I set up a 4' x 16' x 6" raised bed earlier this summer to experiment with creating a small pasture area for my critters, especially the geese.  Originally I laid down sod and then watched to see how it worked and whether or not it would get destroyed in an instant.  Good news is that it didn't.  So I let the sod die and then pulled it up.  Why?  Because I realized that it was grown on/through plastic netting.  Um... not a good idea in my barnyard

With a bit of help, I've finally fenced it off so that I can seed the raised bed with a Dairy Pasture Mix from Peaceful Valley Nursery.  This morning the girls are helping me spread a nice rich layer of compost.  Once they've done most of the work, a layer of composted rabbit manure will also be added.  Then it will all be forked into the soil prior to seeding.  I plan on broadcasting seed and then covering it with a layer of barnyard mulch (mostly straw) to help hold in moisture.  Finally, the entire surface will be covered with 1/2" hardware cloth that will be attached to the surrounding boards.  The pasture grass will grow up through the hardware cloth.  This will prevent destruction of the bed once the pasture is grown and the critters begin foraging on it.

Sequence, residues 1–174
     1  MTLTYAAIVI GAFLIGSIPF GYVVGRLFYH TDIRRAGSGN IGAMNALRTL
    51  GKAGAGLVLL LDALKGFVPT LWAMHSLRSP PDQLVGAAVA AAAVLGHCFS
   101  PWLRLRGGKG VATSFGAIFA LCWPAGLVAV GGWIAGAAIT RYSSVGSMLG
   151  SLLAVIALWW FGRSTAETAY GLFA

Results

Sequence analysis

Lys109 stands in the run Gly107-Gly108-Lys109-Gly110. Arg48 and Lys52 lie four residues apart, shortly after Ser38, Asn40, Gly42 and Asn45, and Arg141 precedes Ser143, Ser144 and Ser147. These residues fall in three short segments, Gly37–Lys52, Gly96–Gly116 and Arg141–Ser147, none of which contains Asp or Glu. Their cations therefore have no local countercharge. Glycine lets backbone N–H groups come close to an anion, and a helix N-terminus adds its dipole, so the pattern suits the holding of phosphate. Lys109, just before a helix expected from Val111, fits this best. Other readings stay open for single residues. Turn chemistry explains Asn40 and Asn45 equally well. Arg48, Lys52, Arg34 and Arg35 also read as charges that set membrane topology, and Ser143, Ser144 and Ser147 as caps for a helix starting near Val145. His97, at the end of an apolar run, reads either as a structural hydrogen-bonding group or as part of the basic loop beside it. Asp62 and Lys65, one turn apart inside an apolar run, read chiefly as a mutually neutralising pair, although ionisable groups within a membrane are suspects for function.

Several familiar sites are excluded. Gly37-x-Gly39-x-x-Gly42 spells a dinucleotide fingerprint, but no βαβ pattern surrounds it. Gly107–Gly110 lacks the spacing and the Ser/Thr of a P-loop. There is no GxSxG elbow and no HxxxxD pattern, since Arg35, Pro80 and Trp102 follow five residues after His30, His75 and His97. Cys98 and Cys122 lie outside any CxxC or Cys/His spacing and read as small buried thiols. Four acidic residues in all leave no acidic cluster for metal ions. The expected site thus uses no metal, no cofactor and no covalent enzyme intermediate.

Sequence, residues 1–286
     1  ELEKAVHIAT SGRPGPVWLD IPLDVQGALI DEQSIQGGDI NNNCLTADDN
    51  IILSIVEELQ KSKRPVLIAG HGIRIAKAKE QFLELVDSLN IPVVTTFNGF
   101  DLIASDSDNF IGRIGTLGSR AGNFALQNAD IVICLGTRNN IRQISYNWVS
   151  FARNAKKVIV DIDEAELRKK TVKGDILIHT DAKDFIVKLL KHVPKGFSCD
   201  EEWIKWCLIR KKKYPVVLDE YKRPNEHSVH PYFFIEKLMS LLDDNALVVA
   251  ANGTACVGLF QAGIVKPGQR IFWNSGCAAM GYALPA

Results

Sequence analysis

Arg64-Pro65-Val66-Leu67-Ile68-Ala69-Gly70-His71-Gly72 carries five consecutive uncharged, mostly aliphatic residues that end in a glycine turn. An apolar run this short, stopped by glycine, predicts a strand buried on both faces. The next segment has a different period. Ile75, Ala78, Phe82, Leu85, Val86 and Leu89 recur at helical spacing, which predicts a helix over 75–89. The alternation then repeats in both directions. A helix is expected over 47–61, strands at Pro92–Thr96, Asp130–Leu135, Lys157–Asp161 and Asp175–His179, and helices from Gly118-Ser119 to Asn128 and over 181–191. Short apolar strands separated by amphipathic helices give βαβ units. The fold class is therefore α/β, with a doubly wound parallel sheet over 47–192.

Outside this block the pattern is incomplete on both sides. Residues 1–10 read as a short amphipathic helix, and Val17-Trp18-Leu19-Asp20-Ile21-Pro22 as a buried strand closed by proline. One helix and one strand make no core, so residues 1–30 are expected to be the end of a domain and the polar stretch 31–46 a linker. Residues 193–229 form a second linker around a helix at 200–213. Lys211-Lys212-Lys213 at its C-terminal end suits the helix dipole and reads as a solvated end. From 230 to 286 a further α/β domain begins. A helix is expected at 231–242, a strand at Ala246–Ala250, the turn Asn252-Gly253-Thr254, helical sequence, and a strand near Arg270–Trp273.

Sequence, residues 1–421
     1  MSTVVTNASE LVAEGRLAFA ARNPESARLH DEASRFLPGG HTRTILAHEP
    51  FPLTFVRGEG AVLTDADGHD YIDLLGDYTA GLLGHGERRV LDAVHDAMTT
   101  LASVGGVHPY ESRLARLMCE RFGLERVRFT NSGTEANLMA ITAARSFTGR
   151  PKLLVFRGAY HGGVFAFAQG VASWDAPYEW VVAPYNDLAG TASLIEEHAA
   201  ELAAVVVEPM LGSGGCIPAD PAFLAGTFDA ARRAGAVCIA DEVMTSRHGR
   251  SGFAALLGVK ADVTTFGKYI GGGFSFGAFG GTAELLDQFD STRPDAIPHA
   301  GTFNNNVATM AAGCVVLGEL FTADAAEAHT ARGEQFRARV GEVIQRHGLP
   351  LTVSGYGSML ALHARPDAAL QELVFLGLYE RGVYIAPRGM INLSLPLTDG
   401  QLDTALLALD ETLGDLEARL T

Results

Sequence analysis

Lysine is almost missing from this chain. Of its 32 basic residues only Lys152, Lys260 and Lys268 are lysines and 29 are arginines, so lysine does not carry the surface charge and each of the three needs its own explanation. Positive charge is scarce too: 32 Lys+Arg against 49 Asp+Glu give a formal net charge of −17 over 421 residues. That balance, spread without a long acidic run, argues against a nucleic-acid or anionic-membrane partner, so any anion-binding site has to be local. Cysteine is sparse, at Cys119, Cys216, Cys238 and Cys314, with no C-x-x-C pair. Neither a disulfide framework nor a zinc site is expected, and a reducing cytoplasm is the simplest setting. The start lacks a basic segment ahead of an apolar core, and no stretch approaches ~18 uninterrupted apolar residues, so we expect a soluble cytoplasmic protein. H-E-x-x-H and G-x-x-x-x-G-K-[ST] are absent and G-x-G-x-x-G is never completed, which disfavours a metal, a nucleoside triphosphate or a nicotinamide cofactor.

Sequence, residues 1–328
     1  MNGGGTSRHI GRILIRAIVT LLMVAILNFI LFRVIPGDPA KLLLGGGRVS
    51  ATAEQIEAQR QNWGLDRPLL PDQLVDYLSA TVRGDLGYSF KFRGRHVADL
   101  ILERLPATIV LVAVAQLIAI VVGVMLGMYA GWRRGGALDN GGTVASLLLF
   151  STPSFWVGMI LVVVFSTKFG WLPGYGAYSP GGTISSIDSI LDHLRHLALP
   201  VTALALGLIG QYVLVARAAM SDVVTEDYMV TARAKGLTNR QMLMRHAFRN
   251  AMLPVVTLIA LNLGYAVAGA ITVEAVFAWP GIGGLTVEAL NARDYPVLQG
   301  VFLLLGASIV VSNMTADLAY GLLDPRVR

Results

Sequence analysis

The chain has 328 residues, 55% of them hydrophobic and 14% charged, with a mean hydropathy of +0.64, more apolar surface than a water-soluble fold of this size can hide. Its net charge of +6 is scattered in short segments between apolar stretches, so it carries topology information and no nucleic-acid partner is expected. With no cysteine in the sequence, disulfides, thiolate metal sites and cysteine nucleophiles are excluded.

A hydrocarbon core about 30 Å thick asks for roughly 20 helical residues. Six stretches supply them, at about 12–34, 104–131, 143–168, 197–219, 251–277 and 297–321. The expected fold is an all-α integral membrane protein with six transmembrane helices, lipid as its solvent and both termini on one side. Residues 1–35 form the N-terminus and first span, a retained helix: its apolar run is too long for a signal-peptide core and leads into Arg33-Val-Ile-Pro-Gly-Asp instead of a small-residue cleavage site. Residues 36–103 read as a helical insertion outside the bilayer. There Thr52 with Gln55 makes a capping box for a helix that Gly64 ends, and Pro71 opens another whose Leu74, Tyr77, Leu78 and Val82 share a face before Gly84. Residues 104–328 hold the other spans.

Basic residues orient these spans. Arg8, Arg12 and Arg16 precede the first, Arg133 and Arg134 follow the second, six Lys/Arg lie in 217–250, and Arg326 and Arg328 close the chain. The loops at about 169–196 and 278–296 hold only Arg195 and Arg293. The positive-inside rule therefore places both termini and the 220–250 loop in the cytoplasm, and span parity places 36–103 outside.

It's nice to have such happy workers on my homestead.


Posted by Kitty Sharkey , Tuesday, August 20, 2013 10:07 PM

Around 8:30 this evening, Lulu gave birth to triplets.  She has two doelings and one buckling.  All noses and hooves accounted for.  Everyone is up and.... okay, let me rephrase that... all three kids are up on their legs and have had their first meal.  Lulu is taking a well deserved rest.  As am I.

Better pictures and an update in the morning.  I was already exhausted today and looking forward to a good nights sleep.   Four roosters left my property today - Whew!!! - so I had planned on sleeping in (ish).  Thank you Lulu for being so considerate as to have your little ones early enough to let me do just that.  Love you Lulu!!!

There's a new kid on the block

Posted by Kitty Sharkey , Sunday, August 18, 2013 9:58 AM

Last night at 11:20 PM, Candy became a first freshener and pushed this beautiful little doeling into the world.  Twenty minutes later, she was latched on tight to her mom's teat.  Way to go little one!

Candy had a relatively short and light labor,about 2-1/2 hours from plug loss to birth with only about 20 minutes of hard labor and pushing.  The birth itself was a little difficult and Candy is a bit swollen and irritated this morning.  But that will right itself in a few days time.  I'm happy to report that both are doing just fine.  Happy and healthy.